Puin





Introductory Note.--This was a favorite game among the natives of the

Northeastern States; its "strange whimsies" were first mentioned by William

Wood in his book, "New England Prospect," published in London, 1634. It is

probable that some form of this game still persists among the scattered

descendants of those nearly extinct tribes, but it is not likely that at

the present day the victor would proclaim his prowess, as was formerly

done, by wearing in the holes of his ears the counters that marked the

number of his successful guesses.



_Properties_.--A number of wheat or other straws cut about a foot long; a

mat or blanket; a pointed staff for the Leader.



_Directions_.--Ten straws must be laid aside as counters for each player.

The rest of the straws are separated into tens and each ten tied with a

wisp, making a bundle; one bundle must have eleven straws. There should be

as many bundles as players. The bundles must all be tied alike. The game

consists in guessing which bundle has the eleven straws. The number of

guesses allowed in a game must be fixed upon before starting to play.



All the bundles are thrown in a heap upon the center of the mat. The

Leader, who is generally chosen by lot, leads the players to the mat

containing the bundles. Each player holds in his left hand his ten counters

and follows the Leader with his staff as he moves around the mat from left

to right, while all sing the following song, taking steps to the rhythm of

the music:





GAME SONG







When the Leader strikes his staff on the ground every player must stop just

where he happens to be, stoop and pick up a bundle with his right hand and

begin to wave it above his head and sway his body to the time of the song.

When the Leader points with his staff to a player, that person must make a

guess. As he scans the waving bundles he points with his left hand that

holds his counters to the bundle which he thinks contains the eleven

straws. If the guess proves to be correct, the guesser puts one of his

counters in his hair or behind his ear. At once all bundles must be thrown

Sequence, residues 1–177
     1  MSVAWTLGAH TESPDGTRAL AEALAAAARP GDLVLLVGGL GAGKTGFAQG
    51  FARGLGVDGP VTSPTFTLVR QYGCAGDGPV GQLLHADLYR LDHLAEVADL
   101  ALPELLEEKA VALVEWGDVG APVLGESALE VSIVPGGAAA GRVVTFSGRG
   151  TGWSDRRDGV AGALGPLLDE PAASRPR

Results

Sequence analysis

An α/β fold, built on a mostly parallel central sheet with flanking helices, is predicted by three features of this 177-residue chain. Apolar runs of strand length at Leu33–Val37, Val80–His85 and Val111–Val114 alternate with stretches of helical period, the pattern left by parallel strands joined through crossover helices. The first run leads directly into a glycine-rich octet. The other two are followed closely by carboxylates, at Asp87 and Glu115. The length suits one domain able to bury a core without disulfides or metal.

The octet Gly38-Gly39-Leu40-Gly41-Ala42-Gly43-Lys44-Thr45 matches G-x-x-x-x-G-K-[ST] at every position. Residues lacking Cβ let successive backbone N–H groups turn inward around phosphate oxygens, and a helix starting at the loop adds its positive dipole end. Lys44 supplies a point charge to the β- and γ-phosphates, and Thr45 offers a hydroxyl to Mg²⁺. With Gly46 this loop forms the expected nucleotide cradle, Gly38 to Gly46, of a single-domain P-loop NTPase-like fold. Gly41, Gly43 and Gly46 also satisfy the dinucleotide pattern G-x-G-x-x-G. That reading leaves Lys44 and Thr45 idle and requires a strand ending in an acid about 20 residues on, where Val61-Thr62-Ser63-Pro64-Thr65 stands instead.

in a heap on the mat. The Leader then moves forward by the left, followed

by the players, every one singing and keeping time with the song. When the

Leader strikes the ground with his staff, all halt. Each player immediately

seizes a bundle, holds it aloft and begins to wave it. The Leader

designates with his staff a person who must guess. If the guess is wrong,

the guesser drops one of his counters on the mat and the Leader points to

another player who must guess. If he loses, he drops one of his counters on

the mat; the guessing goes on as described, until some one is successful

and puts a counter in his hair, when the bundles are all thrown on the mat

and the play begins again as before. Should the person designated by the

Leader to guess think that he holds the bundle with eleven straws, he must

point it at the Leader. If this surmise is correct, the person guessing

puts a counter in his hair and all bundles are again thrown on the mat.



In this way the game proceeds until some player has won the requisite

number of counters and has them all standing in his hair. Throughout the

game the singing must be kept up, accompanied by rhythmic movements of the

feet and the body, the players acting as though searching among the tall

grass for a desired clump. When a point is won, the Leader should shout out

the counter won, without interrupting the song or the play. Among the

Indians the game, once started, is kept going without halt or break in the

song or the movements. The calling out of the winnings in no way disturbs

the singing or the playing.



The victor should wear his successful counters in his hair the rest of the

day, if possible.





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